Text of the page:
How Buying a Foreclosed Home is Different from a Typical Home Purchase
Posted on Wednesday, June 14, 2017
Should you purchase a home in foreclosure?
When you find homes for sale, foreclosure is one of the many reasons that those homes could be on the market. Is foreclosure a golden opportunity for you as a home buyer, or is it a situation that you should avoid? Buying a foreclosure is different than a typical home purchase. Here's why.
It Looks Like a Steal
If you are house-hunting in areas at the top end of your price range, a foreclosure looks like an excellent way to get into the housing market in that area. After all, foreclosure is a lender or bank's way of getting some of their funds back for the mortgage investment that they made in the property. Foreclosures can be far less expensive than surrounding houses, and that makes them tempting to future property owners.
A Foreclosure Involves Risk
Buying any property involves financial risk, but a foreclosure comes with additional risk. Before you buy a foreclosed home, it is important to understand that foreclosure is a sometimes lengthy process; there are multiple opportunities throughout that process in which either the homeowner can resolve the delinquency or a potential buyer can make a purchase.
You can purchase a home on a short sale, in which sales from the home are put against the liens owing on the property. The property may also be up at auction if the owner is unwilling or unable to sell. At this time, it is common to be asked to give the full payment for the home up front, and you may not be able to view the home before bidding.
Depending on when you buy, you may be expected to clear liens on the home. You will need to look carefully to see what is owing before you make this financial commitment. Look and look again. According to Kiplinger, "there may be title problems that aren't of record or that appear on the record between the time of your title search and the public sale."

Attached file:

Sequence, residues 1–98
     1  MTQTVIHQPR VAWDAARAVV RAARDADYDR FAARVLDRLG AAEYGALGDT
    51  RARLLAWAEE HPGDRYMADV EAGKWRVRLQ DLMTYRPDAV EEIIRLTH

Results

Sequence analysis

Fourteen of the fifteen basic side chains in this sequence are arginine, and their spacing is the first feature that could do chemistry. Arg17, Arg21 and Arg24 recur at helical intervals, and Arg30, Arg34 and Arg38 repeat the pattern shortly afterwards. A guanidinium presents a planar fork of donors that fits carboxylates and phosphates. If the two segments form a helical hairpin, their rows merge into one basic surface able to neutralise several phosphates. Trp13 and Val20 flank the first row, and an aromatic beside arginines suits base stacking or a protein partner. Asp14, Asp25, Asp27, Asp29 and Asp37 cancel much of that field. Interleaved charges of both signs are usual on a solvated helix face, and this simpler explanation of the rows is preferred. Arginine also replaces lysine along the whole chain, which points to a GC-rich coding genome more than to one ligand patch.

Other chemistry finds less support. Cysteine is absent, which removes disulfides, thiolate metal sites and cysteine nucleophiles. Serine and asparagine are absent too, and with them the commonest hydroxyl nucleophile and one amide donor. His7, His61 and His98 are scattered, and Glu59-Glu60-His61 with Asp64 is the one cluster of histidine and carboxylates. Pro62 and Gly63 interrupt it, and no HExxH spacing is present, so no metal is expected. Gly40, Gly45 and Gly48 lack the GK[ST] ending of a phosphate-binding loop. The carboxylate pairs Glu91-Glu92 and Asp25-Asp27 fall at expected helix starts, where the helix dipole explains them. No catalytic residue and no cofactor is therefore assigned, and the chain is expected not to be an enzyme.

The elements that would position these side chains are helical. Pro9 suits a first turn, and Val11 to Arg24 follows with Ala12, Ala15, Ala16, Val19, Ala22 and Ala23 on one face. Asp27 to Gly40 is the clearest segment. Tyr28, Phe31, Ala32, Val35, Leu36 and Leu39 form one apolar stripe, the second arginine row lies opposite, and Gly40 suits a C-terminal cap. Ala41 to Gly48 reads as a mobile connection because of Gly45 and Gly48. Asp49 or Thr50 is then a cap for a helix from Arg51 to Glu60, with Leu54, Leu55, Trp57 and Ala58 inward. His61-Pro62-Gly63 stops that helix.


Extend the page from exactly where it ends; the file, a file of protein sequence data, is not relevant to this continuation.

The Purchase Process Can Be Very Short or Very Long
If no one buys the property at auction, the home will revert to lender or government ownership. These entities will often clean the home and will clear liens, but they will also try to get their money back through a property sale.
Lenders want to act quickly. They will put homes up for sale and look for a rapid turnover, and there can be competition that drives the price up and makes the home less of a deal. If you are working with a government agency such as Fannie Mae, you will experience the opposite; there is often a lot of paperwork and the purchase process can move slowly.
Be ready to do more maintenance on a home that has been in foreclosure.
Foreclosures Come With Extra Maintenance Needs
Since a foreclosure is a result of homeowners who are unable to pay the bills, it is unlikely that they were able to make investments in the wellbeing of the property. When you are buying a foreclosure, be prepared that you are not going to get a showroom-style home. You are going to get a property that you will need to decide to accept with all of its flaws, and there can be a lot of flaws. Depending on the time that you purchase the property, you may not be able to assess the home through a home inspection to see if you are able to take on the financial commitment of working to make the home liveable.
You Are Buying a Home in Crisis
When you buy a foreclosure, you are walking into a crisis situation. Those who live in the home may be very unhappy that they need to sell. They may even cause damage to the property or leave garbage behind. While intentional damage may not be the first thing that springs to mind when you think about buying a home, it is a possibility in a foreclosure situation. If the owners are gone because the lender now owns the house, the home is likely boarded up, and this can lead to problems during the fall and winter months as the house falls into disrepair due to lack of use.
At Open for Homes, we are here to help you find the right property for your family. When you look at homes for sale, foreclosure is one of your many options to find the best deal, but you need to understand the risks as well as the potential rewards. Take a look at the blog at Open For Homes and let us help you consider how to make the right choice for your family's future.